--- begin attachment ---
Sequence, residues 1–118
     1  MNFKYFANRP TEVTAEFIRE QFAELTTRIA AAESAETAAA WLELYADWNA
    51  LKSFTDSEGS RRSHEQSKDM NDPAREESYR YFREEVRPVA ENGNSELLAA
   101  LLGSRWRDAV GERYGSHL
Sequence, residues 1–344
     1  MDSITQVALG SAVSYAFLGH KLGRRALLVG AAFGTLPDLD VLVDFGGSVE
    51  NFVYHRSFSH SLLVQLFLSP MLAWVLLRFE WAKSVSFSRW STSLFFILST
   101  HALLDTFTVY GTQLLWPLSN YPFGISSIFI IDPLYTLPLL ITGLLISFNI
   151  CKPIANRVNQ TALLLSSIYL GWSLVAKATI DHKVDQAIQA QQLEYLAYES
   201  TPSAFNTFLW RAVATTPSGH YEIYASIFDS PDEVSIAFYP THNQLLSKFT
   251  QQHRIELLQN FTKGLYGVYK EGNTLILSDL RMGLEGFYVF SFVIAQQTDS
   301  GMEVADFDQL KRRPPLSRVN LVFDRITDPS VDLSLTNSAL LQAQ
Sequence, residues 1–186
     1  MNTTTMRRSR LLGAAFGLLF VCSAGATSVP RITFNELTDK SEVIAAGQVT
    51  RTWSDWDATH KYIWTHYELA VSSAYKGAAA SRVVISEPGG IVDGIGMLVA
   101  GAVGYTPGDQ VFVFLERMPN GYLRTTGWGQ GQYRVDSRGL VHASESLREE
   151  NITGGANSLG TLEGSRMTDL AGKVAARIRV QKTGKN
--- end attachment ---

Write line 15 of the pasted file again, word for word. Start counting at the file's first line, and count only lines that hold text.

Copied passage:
    51  RTWSDWDATH KYIWTHYELA VSSAYKGAAA SRVVISEPGG IVDGIGMLVA